156 F3d 1244 United States v. Glover

156 F.3d 1244

98 CJ C.A.R. 4473

UNITED STATES of America, Plaintiff-Appellee,
Randy GLOVER, Defendant-Appellant.

No. 97-5239.

United States Court of Appeals, Tenth Circuit.

Aug. 27, 1998.

NOTICE: Although citation of unpublished opinions remains unfavored, unpublished opinions may now be cited if the opinion has persuasive value on a material issue, and a copy is attached to the citing document or, if cited in oral argument, copies are furnished to the Court and all parties. See General Order of November 29, 1993, suspending 10th Cir. Rule 36.3 until December 31, 1995, or further order.

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Before TACHA and McKAY, Circuit Judges, and BROWN,* Senior District Judge.




WESLEY E. BROWN, Senior District Judge.


After examining the briefs and appellate record, this panel has determined unanimously that oral argument would not materially assist the determination of this appeal. See Fed. R.App. P. 34(a); 10th Cir. R. 34.1.9. The case is therefore ordered submitted without oral argument.


Randy Glover, proceeding pro se, appeals from the district court's denial of his motion to vacate, set aside or correct his sentence, filed pursuant to 28 U.S.C. § 2255. In an order dated July 6, 1998, this court granted Glover a certificate of appealability on a single issue raised on appeal: his challenge of the district court's denial of an evidentiary hearing on the question whether the sentencing court erred in using D-methamphetamine rather than L-methamphetamine to establish his base offense level. We denied Glover a certificate of appealability on all other issues raised on appeal. We also directed the government to file a response brief on the remaining issue, specifically questioning why the case should not be remanded to the district court for an evidentiary hearing in light of United States v. Youngpeter, No. 97-5142, 1998 WL 171838 (10th Cir. Apr.13, 1998). The government, in response, conceded that an evidentiary hearing should be held "to better serve the interests of justice." Response at 3.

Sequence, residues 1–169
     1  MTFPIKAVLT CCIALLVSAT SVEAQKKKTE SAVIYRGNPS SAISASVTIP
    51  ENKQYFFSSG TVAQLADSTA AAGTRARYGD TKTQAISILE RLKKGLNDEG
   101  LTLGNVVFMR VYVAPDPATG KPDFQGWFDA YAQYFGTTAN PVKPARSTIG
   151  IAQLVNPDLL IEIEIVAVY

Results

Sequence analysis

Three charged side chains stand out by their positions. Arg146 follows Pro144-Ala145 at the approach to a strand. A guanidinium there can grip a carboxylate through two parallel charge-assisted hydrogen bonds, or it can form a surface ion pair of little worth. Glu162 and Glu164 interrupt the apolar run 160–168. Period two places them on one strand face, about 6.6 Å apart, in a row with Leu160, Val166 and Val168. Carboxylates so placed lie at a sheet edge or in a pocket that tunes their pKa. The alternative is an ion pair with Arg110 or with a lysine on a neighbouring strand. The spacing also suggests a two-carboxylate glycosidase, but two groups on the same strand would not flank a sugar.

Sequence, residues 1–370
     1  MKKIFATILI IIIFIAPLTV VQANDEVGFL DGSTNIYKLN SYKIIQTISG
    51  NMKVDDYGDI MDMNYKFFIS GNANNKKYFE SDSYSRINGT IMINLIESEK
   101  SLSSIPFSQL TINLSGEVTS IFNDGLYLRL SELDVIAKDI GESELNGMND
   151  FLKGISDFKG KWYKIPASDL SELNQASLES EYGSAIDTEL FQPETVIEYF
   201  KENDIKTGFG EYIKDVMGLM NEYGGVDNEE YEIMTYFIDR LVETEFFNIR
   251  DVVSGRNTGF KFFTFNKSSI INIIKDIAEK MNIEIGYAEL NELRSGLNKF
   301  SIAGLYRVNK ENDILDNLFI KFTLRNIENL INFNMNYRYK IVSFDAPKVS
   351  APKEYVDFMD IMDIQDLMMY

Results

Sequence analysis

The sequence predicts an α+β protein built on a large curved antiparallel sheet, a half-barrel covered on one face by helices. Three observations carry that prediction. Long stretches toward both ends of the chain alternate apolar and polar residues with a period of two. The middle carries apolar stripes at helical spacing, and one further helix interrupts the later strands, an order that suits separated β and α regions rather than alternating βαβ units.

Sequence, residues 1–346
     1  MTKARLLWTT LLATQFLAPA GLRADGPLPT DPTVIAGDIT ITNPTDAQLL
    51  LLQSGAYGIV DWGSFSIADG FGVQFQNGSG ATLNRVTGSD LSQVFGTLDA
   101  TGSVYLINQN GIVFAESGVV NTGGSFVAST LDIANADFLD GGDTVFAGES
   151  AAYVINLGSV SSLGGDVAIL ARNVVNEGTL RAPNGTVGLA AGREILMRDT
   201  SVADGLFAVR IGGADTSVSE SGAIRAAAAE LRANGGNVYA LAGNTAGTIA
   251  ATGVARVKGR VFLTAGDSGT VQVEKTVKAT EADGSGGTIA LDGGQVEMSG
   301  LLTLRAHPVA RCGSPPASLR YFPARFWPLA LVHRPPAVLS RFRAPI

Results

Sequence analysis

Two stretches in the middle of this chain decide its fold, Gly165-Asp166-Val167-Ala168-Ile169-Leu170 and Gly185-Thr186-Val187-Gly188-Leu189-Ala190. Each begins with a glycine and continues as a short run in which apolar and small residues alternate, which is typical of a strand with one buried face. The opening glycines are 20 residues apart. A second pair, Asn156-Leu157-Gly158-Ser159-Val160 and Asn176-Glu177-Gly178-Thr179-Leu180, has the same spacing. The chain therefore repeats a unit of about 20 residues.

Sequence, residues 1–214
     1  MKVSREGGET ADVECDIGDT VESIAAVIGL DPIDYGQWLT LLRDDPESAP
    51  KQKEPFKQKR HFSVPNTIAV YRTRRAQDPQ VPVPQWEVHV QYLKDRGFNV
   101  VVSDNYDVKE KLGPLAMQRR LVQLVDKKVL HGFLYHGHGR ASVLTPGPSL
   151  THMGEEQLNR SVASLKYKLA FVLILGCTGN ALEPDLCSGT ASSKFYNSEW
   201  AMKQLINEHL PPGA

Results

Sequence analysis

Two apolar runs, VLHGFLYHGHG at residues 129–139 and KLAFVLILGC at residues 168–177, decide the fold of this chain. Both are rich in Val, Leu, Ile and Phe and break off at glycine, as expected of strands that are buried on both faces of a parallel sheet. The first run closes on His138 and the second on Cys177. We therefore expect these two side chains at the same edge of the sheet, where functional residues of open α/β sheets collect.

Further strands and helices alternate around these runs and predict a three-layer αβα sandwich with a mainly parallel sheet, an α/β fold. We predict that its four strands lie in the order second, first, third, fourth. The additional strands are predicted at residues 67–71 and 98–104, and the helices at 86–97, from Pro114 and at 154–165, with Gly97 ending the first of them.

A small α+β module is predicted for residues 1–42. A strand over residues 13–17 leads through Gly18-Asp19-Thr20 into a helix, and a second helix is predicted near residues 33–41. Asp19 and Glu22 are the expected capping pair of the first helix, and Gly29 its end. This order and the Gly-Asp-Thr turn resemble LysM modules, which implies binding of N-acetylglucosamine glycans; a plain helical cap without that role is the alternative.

"In response to a § 2255 motion, the district court 'must hold an evidentiary hearing on the prisoner's claims "[u]nless the motion and files and records of the case conclusively show that the prisoner is entitled to no relief." ' " United States v. Lopez, 100 F.3d 113, 119 (10th Cir.1996) (quoting United States v. Galloway, 56 F.3d 1239, 1240 n. 1 (10th Cir.1995) (quoting 28 U.S.C. § 2255)). We review the district court's decision not to hold an evidentiary hearing for abuse of discretion. See id. After reviewing the record on appeal, together with Glover's arguments and the applicable legal standards, we conclude that this appeal is controlled by our decision in Youngpeter, and therefore agree with the government that an evidentiary hearing is required. The district court abused its discretion in denying Glover an evidentiary hearing by relying on the factual findings reached in an evidentiary hearing held for one of Glover's co-defendants, thereby violating his rights to be present and to be represented by counsel during the hearing. See Youngpeter, 1998 WL 171838, at ----5.


The judgment of the United States District Court for the Northern District of Oklahoma is REVERSED, and this case is remanded to the district court for an evidentiary hearing on the single issue whether Glover was properly sentenced on the basis of D-methamphetamine. The mandate shall issue forthwith.

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Honorable Wesley E. Brown, Senior District Judge, United States District Court for the District of Kansas, sitting by designation


This order and judgment is not binding precedent, except under the doctrines of law of the case, res judicata, and collateral estoppel. The court generally disfavors the citation of orders and judgments; nevertheless, an order and judgment may be cited under the terms and conditions of 10th Cir. R. 36.3